‘Dead last,’ ‘a mess’: School safety grand jury blasts Florida's lack of mental health services


Parkland shooter Nikolas Cruz received inadequate treatment for mental-health issues - PHOTO VIA BROWARD COUNTY SHERIFF'S OFFICE
  • photo via Broward County Sheriff's Office
  • Parkland shooter Nikolas Cruz received inadequate treatment for mental-health issues

A statewide grand jury studying school safety issued an interim report Thursday that tore into Florida’s mental-health system, saying that “deficiencies in funding, leadership and services related to mental health care tend to turn up everywhere like bad pennies.”

“This grand jury has received a great deal of evidence and testimony regarding financial deficiencies, conflicts between various agencies over information sharing and privacy, inadequate or inefficient provision of services and a number of other serious problems,” the report said. “To put it bluntly, our mental health care ‘system’ — if one can even call it that — is a mess, and we have formulated a spate of recommendations for straightforward improvement and further study in this critical area.”

The 27-page document posted late Thursday afternoon on the Florida Supreme Court website was the third interim report issued by the grand jury, which the court impaneled in February 2019 at the request of Gov. Ron DeSantis. The request came a year after a gunman killed 17 students and faculty members at Marjory Stoneman Douglas High School in Parkland.

While the interim report Thursday addressed several issues, it focused most heavily on what the grand jury saw as problems in the mental-health system. The accused Parkland shooter Nikolas Cruz, a former Marjory Stoneman Douglas student, had received treatment for mental-health issues — leading to scrutiny of the mental-health system.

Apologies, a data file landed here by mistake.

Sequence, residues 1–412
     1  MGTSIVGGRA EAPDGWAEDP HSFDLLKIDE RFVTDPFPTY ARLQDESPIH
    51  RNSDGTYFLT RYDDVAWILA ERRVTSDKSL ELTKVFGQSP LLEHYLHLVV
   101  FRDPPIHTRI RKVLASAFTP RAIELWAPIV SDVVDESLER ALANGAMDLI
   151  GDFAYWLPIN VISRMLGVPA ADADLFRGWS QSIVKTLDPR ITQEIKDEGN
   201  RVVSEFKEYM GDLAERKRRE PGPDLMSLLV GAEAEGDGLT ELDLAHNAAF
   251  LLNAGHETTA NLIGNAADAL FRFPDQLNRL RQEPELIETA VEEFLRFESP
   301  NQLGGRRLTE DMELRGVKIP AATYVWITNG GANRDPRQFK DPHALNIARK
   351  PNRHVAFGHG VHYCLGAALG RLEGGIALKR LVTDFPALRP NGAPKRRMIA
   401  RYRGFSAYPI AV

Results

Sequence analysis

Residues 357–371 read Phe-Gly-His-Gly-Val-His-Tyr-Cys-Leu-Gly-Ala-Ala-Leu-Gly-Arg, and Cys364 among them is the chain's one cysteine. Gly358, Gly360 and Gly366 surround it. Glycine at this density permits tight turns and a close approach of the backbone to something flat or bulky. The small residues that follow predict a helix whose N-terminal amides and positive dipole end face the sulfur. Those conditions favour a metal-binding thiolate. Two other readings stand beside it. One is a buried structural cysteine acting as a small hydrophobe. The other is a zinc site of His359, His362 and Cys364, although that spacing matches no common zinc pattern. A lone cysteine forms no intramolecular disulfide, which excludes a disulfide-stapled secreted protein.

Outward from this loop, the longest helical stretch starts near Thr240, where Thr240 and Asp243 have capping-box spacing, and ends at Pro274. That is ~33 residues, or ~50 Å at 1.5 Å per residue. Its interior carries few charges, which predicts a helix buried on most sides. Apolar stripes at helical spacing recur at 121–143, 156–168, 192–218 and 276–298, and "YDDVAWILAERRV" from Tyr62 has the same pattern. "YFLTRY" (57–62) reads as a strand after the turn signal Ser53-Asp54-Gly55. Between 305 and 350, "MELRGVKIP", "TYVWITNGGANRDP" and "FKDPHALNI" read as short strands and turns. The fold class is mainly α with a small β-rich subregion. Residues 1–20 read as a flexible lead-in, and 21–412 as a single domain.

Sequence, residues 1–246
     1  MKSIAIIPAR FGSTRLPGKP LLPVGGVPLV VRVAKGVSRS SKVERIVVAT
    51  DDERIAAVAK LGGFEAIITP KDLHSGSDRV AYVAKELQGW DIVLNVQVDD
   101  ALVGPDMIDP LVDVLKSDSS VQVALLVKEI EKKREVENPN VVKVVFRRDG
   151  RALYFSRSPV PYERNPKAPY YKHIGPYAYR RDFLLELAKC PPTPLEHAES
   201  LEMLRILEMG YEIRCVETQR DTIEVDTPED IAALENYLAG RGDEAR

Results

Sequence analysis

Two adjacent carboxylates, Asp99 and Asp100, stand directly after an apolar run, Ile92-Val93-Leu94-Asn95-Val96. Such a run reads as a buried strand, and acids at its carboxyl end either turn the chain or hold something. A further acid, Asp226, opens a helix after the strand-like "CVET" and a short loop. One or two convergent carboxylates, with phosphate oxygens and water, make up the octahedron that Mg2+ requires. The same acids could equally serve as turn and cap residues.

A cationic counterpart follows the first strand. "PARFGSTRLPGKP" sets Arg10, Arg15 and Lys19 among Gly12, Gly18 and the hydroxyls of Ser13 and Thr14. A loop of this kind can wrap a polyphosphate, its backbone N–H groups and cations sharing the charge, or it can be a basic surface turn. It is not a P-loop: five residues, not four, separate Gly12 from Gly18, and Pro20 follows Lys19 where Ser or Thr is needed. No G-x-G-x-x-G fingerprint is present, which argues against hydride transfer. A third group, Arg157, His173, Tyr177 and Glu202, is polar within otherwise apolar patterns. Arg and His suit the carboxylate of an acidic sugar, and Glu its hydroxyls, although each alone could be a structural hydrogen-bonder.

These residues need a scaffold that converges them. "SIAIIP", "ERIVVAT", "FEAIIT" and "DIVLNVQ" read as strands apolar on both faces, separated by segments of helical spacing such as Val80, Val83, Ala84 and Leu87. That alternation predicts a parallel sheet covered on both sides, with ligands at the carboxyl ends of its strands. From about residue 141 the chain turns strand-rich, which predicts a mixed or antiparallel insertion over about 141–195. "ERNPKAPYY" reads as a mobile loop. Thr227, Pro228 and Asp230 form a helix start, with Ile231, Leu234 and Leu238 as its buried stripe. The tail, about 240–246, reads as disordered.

The grand jury said in the report that it is “clear to us that inadequately addressed mental health issues have the peculiar potential to spiral out over time into criminal acts and violent behavior resulting in serious injury and loss of life.”

While acknowledging that “these are hard problems,” the report described a disjointed, under-funded system and called on the Legislature to form a commission to study mental-health services. It suggested that such a commission could be similar to a panel known as the Marjory Stoneman Douglas High School Public Safety Commission, which the Legislature formed after the 2018 shooting to investigate school safety and make recommendations.

“It should be apparent to any reader of this report that this grand jury has only scratched the surface of the myriad difficulties involved in comprehensively addressing the sad state of mental health care services in the state of Florida,” the report said. “While a comprehensive examination of this system would lie within our jurisdiction, it would take more time than we have at our disposal considering the other items the governor has also placed in our mandate. For this reason, it is the opinion of this grand jury that the Florida Legislature should appoint a commission to specifically examine the provision of mental health services in the state of Florida.”

The report also pointed to funding as an issue, saying Florida provides less money per capita than any other state for mental-health care and treatment. 

“Even among states that do not collect income taxes, Florida is dead last,” the report said. “It is therefore important to highlight from the outset that correcting the deficiencies in our system of mental health care will require additional funding, but the Legislature must make this financial commitment intelligently so as to ensure that whatever funds it does provide are not wasted.”

Also, the grand jury said the provision of mental-health services is “spread out over state, federal and local agencies, each with different missions, priorities, metrics and definitions of success, making for treatment ‘plans’ that are unfocused, inconstant and often ineffective at the individual level.”

“Concerns about compliance with state and federal privacy statutes often prevent effective interagency cooperation,” the report said. “Because each agency cannot see the ‘big picture’ of a person's complete mental health history, there is no real way to develop or carry out any kind of a comprehensive plan for treatment and follow-up services.”

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